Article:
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International relations

EU and China enter war of words after tit-for-tat sanctions

French scholar called 'mad hyena' by Beijing's embassy in Paris

The European Union and China are embroiled in a vicious war of words.   © Reuters

PARIS -- Tensions between the European Union and China rose sharply this week over the imposition of tit-for-tat sanctions and the opening round of a potential war of words.

The French foreign ministry summoned Chinese ambassador Lu Shaye, and Beijing's embassy in Paris insulted scholars and demanded a member of parliament to cancel a trip to Taiwan.

Foreign Minister Jean-Yves Le Drian accused Lu of "insults, invectives and threats" toward scholars and members of parliament, with the ministry adding that "these methods of intimidation are unacceptable and exceed all commonly accepted boundaries for an embassy," according to Agence France-Presse.

Chinese embassies have stepped up their aggression against Western countries in recent months.

Earlier this month, French media revealed that Lu wrote a warning letter to a member of the Senate, discouraging him to pursue his plan to visit Taiwan, despite the clear separation of parliamentary and diplomatic powers in France.

French Foreign Minister Jean-Yves Le Drian addresses a news conference before the start of a conference in Berlin on March 19.   © Reuters

Antoine Bondaz, a French scholar targeted by the fresh sanctions, became a target for the Chinese embassy after he made comments on Taiwan such as defending the right of parliamentarians to visit Taiwan as they wish.

In a series of tweets and news releases, the Chinese embassy responded by calling Bondaz names such as "little hoodlum," "ideological troll" and "mad hyena."

"These attacks actually aim to muzzle the public debate in France, by allowing the Chinese Embassy to decide whether a topic can be discussed or not and to discredit researchers," Bondaz told Nikkei Asia.

"We are in a democracy, the embassy can express itself freely while maintaining a minimum [level] of decency and dignity, which it seems to have lost by insulting me."

"This does not question France's foreign policy in any way, and it is inadmissible that the embassy is trying to create confusion between what our diplomats are doing and what our elected representatives are doing."

Accused of being "anti-China," the scholar said his research on Taiwan is "transparent" and that "it does not aim to influence French foreign policy, but just to normalize Taiwan as a subject of research and object of public debate."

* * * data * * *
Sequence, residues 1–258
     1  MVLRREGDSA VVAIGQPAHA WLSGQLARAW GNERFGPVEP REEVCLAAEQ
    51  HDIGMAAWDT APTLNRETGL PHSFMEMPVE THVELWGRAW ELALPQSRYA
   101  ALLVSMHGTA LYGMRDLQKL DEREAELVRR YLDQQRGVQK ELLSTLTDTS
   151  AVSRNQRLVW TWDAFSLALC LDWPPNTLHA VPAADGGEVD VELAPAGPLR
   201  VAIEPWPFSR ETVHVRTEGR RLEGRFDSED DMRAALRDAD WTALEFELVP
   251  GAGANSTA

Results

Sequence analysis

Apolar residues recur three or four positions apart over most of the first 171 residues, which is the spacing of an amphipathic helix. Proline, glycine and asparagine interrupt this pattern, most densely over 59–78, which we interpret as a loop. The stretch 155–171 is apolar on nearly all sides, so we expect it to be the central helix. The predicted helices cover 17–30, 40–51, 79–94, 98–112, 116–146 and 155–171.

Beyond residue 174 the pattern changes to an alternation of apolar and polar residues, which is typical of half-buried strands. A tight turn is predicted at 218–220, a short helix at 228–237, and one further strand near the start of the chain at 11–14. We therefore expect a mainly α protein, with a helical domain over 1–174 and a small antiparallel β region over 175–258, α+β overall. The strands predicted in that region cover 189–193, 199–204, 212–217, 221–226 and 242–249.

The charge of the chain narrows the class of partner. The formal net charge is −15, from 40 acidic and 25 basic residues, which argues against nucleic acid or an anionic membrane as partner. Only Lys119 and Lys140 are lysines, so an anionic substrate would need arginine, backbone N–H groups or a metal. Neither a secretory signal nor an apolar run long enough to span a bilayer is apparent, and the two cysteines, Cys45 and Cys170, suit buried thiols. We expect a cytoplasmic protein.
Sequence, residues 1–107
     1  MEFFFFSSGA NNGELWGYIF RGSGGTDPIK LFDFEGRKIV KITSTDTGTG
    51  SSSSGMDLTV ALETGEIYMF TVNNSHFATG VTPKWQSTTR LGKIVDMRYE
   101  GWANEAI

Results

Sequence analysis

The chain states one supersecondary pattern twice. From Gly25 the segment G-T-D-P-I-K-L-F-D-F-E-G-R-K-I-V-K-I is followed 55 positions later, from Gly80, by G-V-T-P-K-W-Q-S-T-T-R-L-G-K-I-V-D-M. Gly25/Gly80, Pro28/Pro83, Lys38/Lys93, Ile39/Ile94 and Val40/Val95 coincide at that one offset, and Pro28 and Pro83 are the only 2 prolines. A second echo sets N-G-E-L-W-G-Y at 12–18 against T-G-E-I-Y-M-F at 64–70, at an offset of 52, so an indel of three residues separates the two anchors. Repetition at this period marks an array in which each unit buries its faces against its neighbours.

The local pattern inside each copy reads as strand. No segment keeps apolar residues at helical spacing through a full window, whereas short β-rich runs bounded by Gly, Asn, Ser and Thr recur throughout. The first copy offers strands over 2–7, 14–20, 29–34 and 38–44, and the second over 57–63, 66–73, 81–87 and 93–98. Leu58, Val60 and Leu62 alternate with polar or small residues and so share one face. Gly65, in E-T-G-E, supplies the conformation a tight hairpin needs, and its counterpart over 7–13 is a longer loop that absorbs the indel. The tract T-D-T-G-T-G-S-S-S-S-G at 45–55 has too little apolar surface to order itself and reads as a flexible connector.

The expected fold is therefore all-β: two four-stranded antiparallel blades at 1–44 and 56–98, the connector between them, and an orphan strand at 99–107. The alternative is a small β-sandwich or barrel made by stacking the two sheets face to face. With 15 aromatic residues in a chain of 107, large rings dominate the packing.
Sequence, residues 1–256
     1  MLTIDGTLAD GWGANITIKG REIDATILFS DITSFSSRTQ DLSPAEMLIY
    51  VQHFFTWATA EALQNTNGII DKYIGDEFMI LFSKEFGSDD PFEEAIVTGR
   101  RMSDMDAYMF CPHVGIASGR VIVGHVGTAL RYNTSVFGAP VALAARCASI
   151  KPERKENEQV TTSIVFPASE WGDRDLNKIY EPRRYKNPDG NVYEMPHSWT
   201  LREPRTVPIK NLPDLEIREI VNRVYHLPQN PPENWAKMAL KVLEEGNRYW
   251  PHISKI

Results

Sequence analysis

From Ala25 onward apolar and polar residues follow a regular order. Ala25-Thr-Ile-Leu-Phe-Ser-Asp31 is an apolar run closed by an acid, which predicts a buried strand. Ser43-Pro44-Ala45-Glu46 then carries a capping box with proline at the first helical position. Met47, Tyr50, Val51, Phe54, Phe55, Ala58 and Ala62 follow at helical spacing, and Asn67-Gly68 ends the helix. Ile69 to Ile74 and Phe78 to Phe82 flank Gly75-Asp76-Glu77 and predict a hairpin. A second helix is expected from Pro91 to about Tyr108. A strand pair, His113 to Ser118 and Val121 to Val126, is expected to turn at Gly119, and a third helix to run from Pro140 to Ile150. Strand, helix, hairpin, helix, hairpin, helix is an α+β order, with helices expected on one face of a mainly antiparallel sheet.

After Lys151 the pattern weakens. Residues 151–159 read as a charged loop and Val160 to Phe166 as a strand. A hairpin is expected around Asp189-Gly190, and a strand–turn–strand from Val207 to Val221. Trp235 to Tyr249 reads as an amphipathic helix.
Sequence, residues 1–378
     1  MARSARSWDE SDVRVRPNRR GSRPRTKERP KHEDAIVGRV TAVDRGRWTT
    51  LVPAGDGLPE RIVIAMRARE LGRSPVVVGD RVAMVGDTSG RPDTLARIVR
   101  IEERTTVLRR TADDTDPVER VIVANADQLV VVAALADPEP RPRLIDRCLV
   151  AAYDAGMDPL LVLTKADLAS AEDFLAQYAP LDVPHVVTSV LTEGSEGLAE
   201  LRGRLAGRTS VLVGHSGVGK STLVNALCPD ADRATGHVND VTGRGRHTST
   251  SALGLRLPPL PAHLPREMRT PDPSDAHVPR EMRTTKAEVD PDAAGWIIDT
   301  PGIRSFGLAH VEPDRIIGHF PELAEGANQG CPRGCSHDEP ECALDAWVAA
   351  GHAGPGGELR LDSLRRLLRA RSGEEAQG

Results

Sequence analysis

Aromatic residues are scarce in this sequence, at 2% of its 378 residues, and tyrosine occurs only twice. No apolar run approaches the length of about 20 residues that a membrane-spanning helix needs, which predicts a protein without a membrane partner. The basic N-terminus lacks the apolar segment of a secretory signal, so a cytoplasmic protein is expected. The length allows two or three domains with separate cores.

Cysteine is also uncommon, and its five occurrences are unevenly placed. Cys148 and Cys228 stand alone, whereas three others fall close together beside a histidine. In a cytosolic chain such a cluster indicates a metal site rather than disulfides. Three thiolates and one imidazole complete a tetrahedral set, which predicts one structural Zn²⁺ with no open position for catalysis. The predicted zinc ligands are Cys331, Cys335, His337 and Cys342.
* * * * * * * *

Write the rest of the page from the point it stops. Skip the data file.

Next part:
Regarding the vicious tone used by the embassy, he added that "it is not my work but myself that is being attacked, it is because talking openly about Taiwan is extremely embarrassing to the Chinese government."

Lu Shaye, China's ambassador in France, attends a meeting in Paris in 2019.   © Reuters

Tensions between China and Europe are rising. On Monday, the European Union announced sanctions on Chinese officials over human right abuses against Uyghur Muslims in Xinjiang.

China, which firmly denies these allegations, instantly reacted with sanctions targeting European citizens, among them scholars and members of the European Parliament.

Other European countries expressed their outrage over the Chinese sanctions. The governments of countries including Lithuania, Netherlands, Denmark, Sweden and Germany hit out at Beijing, and countries across the continent summoned Chinese ambassadors.

The European sanctions included visa bans and asset freezes. Though mainly symbolic, these are the first punitive measures against China from the EU since the Tiananmen crackdown in 1989. This arms embargo remains in place today.

China is not the only country targeted by the bloc. EU foreign ministers agreed on Monday to impose sanctions on North Korea, Libya, Russia, South Sudan and Eritrea. Myanmar junta members were also sanctioned separately.

The U.K. and Canada followed with sanctions on China, and U.S. Secretary of State Antony Blinken designating Chinese officials to be punished. This coordination of Western countries echoes U.S. President's Joe Biden's aim to unite against the growing influence of Beijing.

Since the beginning of the COVID-19 pandemic in early 2020, China's so-called wolf warrior diplomats have become increasingly aggressive. Until now, the EU has shown diplomatic weakness and has struggled to take bold measures as China is a major trade partner.

In 2019, China was the third largest partner for EU exports of goods (9%) and the largest partner for EU imports (19%), with countries like the Netherlands or Germany being especially active, according to Eurostat.

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